I find myself saying, I’ll just read one more submission, but after that, of course, it’s one more again and again. I’ll just read one more paragraph, one more page… this can go on and on until you look at the clock and it’s almost time to get up but you haven’t gone to bed yet.
On a regular job you keep watching the clock, and it moves too slow. As editor of Gemini, though, I’ve got so much to do I try to just will that clock to move more slowly. Line-by-line editing can be a tedious challenge, but you’ve got to set high standards and do it as well as you can. The end result is worth it.
Rejecting someone’s work is also challenging - and usually a bit painful for me. Even when I’m saying “no thank you” to a writer I usually try to mention some positive aspect of the work as well. Again, this takes time, but I think it’s the right thing to do.
What do you enjoy most about it?
Finding - and reading and rereading - those nuggets of gold is an incredible rush. The excitement builds and builds as we go through the editing process.
The last page I set up is the cover page, and as it gets closer and closer to completion the excitement is almost too much to bear as I realise that very, very soon the world will see what I see - this great writing (and art) that I’ve been living with the past few weeks or longer. And then…at last…I click the yellow “Publish” button.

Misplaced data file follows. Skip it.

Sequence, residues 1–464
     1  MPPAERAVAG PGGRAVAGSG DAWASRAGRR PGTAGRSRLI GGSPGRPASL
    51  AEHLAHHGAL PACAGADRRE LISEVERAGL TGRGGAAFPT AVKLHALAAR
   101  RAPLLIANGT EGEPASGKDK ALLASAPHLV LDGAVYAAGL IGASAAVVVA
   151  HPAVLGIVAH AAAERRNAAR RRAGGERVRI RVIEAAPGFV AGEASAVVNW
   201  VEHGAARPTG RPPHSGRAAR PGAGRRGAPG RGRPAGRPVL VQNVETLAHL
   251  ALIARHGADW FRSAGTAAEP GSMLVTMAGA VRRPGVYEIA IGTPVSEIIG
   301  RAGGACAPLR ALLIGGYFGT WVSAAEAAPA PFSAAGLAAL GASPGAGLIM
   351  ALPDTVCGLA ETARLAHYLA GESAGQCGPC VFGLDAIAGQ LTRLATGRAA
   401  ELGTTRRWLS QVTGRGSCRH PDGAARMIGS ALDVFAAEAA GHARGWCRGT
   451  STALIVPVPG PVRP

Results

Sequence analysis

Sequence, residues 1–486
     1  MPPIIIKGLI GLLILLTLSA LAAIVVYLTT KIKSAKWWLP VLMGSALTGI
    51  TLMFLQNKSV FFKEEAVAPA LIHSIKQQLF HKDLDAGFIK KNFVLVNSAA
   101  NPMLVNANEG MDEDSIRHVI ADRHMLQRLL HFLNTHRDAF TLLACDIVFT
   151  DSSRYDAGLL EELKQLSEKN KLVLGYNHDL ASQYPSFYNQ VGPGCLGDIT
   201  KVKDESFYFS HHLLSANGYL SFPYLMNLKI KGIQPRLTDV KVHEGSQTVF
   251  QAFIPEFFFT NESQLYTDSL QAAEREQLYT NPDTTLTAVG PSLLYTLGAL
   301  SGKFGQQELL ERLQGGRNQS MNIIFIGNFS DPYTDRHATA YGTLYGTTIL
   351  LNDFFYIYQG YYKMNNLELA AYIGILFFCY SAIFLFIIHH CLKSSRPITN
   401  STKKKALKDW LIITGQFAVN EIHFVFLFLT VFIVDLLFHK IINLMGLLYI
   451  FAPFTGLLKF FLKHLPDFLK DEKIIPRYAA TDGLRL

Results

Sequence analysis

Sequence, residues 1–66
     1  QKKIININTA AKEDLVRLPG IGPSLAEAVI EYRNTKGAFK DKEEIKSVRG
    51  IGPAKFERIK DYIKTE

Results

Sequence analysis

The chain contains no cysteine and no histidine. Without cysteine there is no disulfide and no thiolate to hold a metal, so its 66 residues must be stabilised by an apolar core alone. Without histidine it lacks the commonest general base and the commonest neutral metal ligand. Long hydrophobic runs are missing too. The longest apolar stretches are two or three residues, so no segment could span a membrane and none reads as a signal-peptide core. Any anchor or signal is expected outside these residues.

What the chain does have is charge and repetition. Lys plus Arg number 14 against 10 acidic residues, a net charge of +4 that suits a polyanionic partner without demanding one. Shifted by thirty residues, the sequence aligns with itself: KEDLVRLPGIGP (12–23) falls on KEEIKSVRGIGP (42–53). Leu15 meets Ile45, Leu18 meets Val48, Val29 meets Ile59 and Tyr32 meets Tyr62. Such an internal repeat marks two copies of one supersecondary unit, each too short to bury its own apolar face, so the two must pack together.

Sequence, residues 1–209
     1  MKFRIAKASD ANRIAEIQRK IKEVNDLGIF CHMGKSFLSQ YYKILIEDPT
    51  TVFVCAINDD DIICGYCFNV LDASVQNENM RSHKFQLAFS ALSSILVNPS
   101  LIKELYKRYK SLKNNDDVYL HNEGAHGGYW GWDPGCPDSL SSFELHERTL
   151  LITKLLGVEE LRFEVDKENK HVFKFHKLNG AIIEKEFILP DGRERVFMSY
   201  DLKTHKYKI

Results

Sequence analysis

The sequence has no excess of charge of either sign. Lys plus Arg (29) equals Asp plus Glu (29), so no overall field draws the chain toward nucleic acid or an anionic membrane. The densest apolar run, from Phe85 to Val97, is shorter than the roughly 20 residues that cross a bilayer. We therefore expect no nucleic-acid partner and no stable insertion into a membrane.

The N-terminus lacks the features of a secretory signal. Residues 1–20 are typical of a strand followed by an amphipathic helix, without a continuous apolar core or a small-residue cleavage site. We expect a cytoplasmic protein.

Whose writing do you admire?
Everyone should read Graham Joyce’s “An Ordinary Soldier of the Queen” in the 2009 O. Henry Prize Stories. Such an easy, conversational, regular-guy voice that makes you believe the unbelievable.
I love Richard Ford’s un-arrogant, self-deprecating style that makes you instantly identify with his characters. Aurora M. Lewis - whose poems have appeared in Gemini - pick any one of her poems and it’s just so full of passion and so clear and bold that you wonder how she does it. Going back a bit, we have Richard Yates (”Revolutionary Road”), Wallace Stevens, Martha Gellhorn, Chekhov, Kafka, de Maupassant.
I think what all those writers have in common is simplicity: they don’t try to hit you over the head with big words; instead, they just paint the picture in a confident, clear, forceful way.
What inspires you?
Life inspires me, the world around me. The idea of describing something in a creative, non-linear way, kind of like colourful analogue vs. dry digital. I see movies in my head, and it’s fun to share them with other people. And Gemini is a good way of sharing other people’s ‘movies’ with the world.
What advice would you offer an aspiring writer?
Write without fear. Don’t be afraid of writing something that may seem stupid or trite or embarrassing, because if you don’t take chances nothing will happen.
And those words you thought were stupid may not be so stupid after all - just different, and creative, and creative is what we want. If the words don’t work you can just edit them out later. I’ve met a lot of people who claim they want to be writers someday. Well, what’s stopping you, besides yourself? Just pick up the pen and write!
What comes next for Gemini Magazine?
We’ll have plenty of stories to read for our Short Story Contest, which runs through to March 31st 2010. The winning stories will be published in the June issue. Our Second Annual Flash Fiction Contest starts on June 1st, and I’m thinking about a poetry contest for the fall - fall seems like the right time for a poetry writing competition.
And sometime in the not-too-distant future we may see a ‘Best of Gemini‘ anthology in printed book form.